It’s So Typical

It was so typical. And yet it wasn’t.

Last night a new friend came over for supper. He sat with my family and I for a typical meal. Typical for us in that we sat down at our dining room table, as we usually do, and ate a meal—some rice, chicken and veggies—that is common enough for us. A very normal dinner time in my house.

Except it wasn’t. My new friend has only been in Canada for 11 months. He came here as a refugee from a camp in Kenya. He arrived there as a young man, received some education, and continued as a worker for different NGOs in the camps he spent time in. He is a very sweet man and his heart is absolutely beautiful.

But as we get to know each other more details from his past come out. And more details of the current situation that he left behind.

He left southern Sudan in the late 80s/early 90s as a ‘lost boy’. Forces and groups from the largely Islamic Sudanese areas in the north were attacking mostly Christian communities and villages in the south. They murdered fathers and young men, raped and attacked mothers and daughters. These lost boys, only 8, 9, or 10 or 11 years old, fled for their lives. They started walking first for Ethiopia. They stayed at camps there until civil unrest turned to war and to avoid being drawn into battle, resumed their migration on foot. Kenya was next. Their story is told here.

My friend is gentle, calm, and well collected. He is wise and adjusting quickly to life in a completely foreign context. He appreciates that, for the most part, he does not feel like a stranger in Canada. He feels like he has been welcomed as one of us. And he is. He belongs here as much as anyone else. It was an uncommon grace for me to hear his story and share a meal with him.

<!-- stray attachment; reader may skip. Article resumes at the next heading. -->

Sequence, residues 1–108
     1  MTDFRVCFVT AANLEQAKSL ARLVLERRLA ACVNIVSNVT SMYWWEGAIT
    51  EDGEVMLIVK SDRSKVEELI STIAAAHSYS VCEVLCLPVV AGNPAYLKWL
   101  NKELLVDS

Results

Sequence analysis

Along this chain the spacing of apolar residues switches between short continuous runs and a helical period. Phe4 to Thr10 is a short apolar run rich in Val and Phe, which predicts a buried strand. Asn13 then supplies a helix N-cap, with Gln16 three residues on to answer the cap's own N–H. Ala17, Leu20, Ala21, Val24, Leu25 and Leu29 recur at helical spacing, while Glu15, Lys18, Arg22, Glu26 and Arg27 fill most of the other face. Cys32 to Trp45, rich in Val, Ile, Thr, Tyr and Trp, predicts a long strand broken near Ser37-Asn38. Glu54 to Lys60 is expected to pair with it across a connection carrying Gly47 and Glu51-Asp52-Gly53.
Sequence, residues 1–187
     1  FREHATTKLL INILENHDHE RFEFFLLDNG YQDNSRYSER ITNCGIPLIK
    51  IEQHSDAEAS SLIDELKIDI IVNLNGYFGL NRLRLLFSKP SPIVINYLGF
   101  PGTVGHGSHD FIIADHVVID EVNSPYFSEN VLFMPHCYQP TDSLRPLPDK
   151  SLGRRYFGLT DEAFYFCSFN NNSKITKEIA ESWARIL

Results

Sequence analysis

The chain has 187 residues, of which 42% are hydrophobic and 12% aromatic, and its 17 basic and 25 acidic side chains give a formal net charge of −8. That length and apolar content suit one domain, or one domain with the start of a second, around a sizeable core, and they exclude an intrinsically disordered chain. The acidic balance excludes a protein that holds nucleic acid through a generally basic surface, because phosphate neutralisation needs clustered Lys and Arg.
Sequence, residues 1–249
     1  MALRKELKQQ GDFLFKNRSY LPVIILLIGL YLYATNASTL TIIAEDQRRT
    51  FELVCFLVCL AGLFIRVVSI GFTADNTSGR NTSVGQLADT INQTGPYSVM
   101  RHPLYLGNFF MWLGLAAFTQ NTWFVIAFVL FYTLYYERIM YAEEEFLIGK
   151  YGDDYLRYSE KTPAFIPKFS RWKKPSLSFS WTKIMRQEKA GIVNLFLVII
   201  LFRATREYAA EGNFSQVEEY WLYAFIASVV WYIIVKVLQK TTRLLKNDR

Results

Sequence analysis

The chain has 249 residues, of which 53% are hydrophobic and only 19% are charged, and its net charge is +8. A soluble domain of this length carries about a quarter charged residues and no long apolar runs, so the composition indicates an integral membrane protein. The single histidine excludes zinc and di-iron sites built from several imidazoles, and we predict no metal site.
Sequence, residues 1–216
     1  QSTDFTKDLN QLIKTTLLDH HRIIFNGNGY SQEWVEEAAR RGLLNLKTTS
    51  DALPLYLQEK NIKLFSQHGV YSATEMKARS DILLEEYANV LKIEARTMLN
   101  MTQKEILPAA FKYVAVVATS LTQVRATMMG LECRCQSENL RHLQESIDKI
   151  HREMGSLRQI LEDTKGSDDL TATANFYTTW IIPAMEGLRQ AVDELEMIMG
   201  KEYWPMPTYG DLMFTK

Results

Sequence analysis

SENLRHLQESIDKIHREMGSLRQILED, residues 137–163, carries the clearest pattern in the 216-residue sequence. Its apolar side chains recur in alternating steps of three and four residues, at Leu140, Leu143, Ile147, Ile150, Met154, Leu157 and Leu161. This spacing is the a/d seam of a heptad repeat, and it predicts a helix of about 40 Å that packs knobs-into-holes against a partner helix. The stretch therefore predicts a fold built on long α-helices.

The other uncommon moment came as he shared from his experiences as a young man trying to find life in Africa, and so often found death instead. His violent expulsion from his home could have so easily predisposed him to a life of vengeful violence. But it hasn’t. Since that early exposure didn’t taint him, any of the subsequent experiences could have. He has seen horrific acts of sadistic violence inflicted on one human by another. He has processed and helped others to process the traumatic impact of seeing such horror. To give me understanding, he showed me a video another worker shared with him. Once I realized what I was seeing, I could only watch a bit before I needed to turn it off.

It is taken on a cell phone camera and shows horribly gruesome—yet very real—murderous torture committed against a bound victim. And the crowd around the attacker is not in a frenzied rage nor in horrified silence. Somewhere in the middle of that, they pat the knife wielding man on the back, encourage him, and stand by as life leaves the body on the ground. That mother’s son breathed his last while onlookers egged it forward. It was certainly someone’s brother or cousin, whose greatest misfortune was to be the one figuratively caught up in the larger situation, and then caught up literally in the twine that bound him. The promise of his life, no different than the promise of my children or my brothers, was wasted on the ground, mixed into the soil to which we all will eventually return.

I know nothing of his life. Only his death through the recording. It is amazing that modern technology allows us to see something that should be disconnected from our modern era. The violence in the video is as old as Cain and Abel, back to the beginning. And while we can invent technology that is so microscopic it can be inserted in our bloodstream, we cannot solve the problems of hatred, vengeance, and violence. Typical, I guess. While his life is distant from me, his death has touched me.

While I think about preaching to our congregation this weekend, that man will be in the recesses of my consciousness. While I talk about the felt needs of the world my new friend has joined, I will be mindful of how far we really have yet to go. I realize that like the men in the video standing by and watching, so much of our lives renders us passive observers also to this horror and others like it everywhere. And sadly, it is all too typical.

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